World Economy

German Economy Facing Challenge of Refugees

German Economy Facing Challenge of Refugees German Economy Facing Challenge of Refugees

Pierre Moscovici, European commissioner for economic and financial affairs says: “If I look at Germany, I would say, the German economy is clearly the leader in Europe and in the eurozone and so Germany shouldn’t be blamed for its successes.

External surpluses are huge, growth is a bit above the average trend in the eurozone with a population which is more aging than elsewhere and therefore the need for creating jobs are less. We also see the unemployment rate is the weakest in the eurozone. So success is overall. But still there are challenges", Moscovici said in an interview with Euronews.

First, he said, there are the global economic challenges. Germany has external surpluses and they are huge now, something like 9% which creates an imbalance that has to be addressed not only by the German government but also in the framework of the eurozone.

"And we know what is the response–the response is clearly investment. The German government is very conscious of that. I speak with Wolfgang Schuable very often about that and already there were 15 billion of pubic investment which were delivered last year. I think 10 for the central government and 5 for the local authorities and those lenders that need that, especially on infrastructures because there is a huge need for infrastructures in the former eastern part of Germany."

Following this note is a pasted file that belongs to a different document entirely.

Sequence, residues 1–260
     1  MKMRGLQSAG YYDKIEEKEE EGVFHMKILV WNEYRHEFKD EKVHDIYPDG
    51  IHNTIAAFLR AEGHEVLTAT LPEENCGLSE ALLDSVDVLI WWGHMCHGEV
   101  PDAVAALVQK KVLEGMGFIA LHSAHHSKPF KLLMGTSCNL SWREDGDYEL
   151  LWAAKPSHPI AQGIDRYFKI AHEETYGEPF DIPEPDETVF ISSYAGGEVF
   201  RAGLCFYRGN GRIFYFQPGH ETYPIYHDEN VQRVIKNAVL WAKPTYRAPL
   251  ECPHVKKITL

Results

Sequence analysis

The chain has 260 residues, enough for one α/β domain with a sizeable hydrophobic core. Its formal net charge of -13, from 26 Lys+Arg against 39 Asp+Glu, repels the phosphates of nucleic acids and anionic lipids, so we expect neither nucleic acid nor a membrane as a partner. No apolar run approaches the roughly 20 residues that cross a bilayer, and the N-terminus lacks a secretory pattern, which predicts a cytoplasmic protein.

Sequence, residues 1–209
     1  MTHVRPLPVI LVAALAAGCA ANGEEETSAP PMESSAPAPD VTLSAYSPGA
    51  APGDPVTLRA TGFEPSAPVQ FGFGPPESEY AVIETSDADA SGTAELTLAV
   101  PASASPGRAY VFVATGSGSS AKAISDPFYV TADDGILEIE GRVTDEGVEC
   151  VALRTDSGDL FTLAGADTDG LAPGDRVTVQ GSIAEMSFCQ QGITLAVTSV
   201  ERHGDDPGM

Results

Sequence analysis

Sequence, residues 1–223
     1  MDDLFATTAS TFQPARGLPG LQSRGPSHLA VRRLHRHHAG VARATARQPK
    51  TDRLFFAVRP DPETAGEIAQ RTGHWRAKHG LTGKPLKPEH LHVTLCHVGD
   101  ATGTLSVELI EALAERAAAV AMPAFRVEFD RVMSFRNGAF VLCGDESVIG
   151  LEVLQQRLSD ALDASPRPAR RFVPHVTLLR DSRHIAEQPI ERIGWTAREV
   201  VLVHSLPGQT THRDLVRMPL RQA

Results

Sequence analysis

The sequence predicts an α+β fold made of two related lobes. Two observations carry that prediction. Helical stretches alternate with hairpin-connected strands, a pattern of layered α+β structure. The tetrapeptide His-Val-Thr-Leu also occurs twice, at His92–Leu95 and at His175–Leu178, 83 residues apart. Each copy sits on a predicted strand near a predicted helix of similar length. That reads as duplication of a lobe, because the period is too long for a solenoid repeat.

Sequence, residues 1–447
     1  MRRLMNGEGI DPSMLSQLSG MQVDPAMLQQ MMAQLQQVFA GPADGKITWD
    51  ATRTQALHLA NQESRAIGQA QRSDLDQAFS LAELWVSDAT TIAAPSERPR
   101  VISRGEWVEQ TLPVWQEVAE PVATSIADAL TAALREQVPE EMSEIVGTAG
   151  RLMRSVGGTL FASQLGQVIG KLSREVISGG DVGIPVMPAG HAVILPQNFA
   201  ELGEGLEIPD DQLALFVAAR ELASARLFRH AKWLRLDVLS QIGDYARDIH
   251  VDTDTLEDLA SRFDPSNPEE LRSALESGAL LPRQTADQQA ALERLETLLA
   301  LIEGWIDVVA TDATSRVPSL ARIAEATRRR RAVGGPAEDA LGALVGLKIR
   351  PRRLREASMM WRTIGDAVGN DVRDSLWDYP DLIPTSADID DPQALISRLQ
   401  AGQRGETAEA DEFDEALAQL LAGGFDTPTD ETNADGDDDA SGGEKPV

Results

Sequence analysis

Refugee Crisis

And then comes the refugee crisis, which is a specific need. There will be high costs for welcoming of refugees and integration of refugees, Moscovici said.

"On the economic point of view–refugee crisis can be an opportunity–if we are ready and capable of integrating those people we need to welcome because they are moving away from regimes that are a threat for their own lives."

Reports say they are pretty skilled as well. They probably are skilled "but not exactly in our standards". And again, there are needs in the German labor market and there is also some skills and some capacity which are available there. "But we need to have both moving together." And this needs public policies–learning the language, adapting skills to labor needs and this is a very important effort."

It is probably billions of euros which are needed there, he said. So how to get that? The first origin of those funds is national. And it is known that the German budget will be dedicated partly to that.

Again, Schauble declared a few weeks ago he thought there was an effort there which had to be fulfilled. But Germany is also asking its European partners for solidarity, Moscovici said.

"And we must listen to that. Schauble talks about a tax on oil for the refugee crisis–I’m not sure tax, oil and refugees are very popular but I think we need to examine that. Must there be a tax, on what–can there also be a part which are not for the financing of the sovereign debt of a state which is threatened by too high debt." Probably not. These debates must take place and has to be addressed properly, he said.

At least 34% of surveyed German human resources directors intend to hire refugees this year or next year, Spiegel Online news website reported, citing a study conducted by the Ifo research center.

It was noted that the number of people who were ready to hire asylum seekers had increased from about 7% in the past two years.

Europe has been beset by a massive refugee crisis, with hundreds of thousands of undocumented migrants fleeing their home countries to escape violence and poverty. According to German Interior Ministry estimates, the country registered some 1.1 million refugees in 2015, nearly five times more than the number registered in 2014.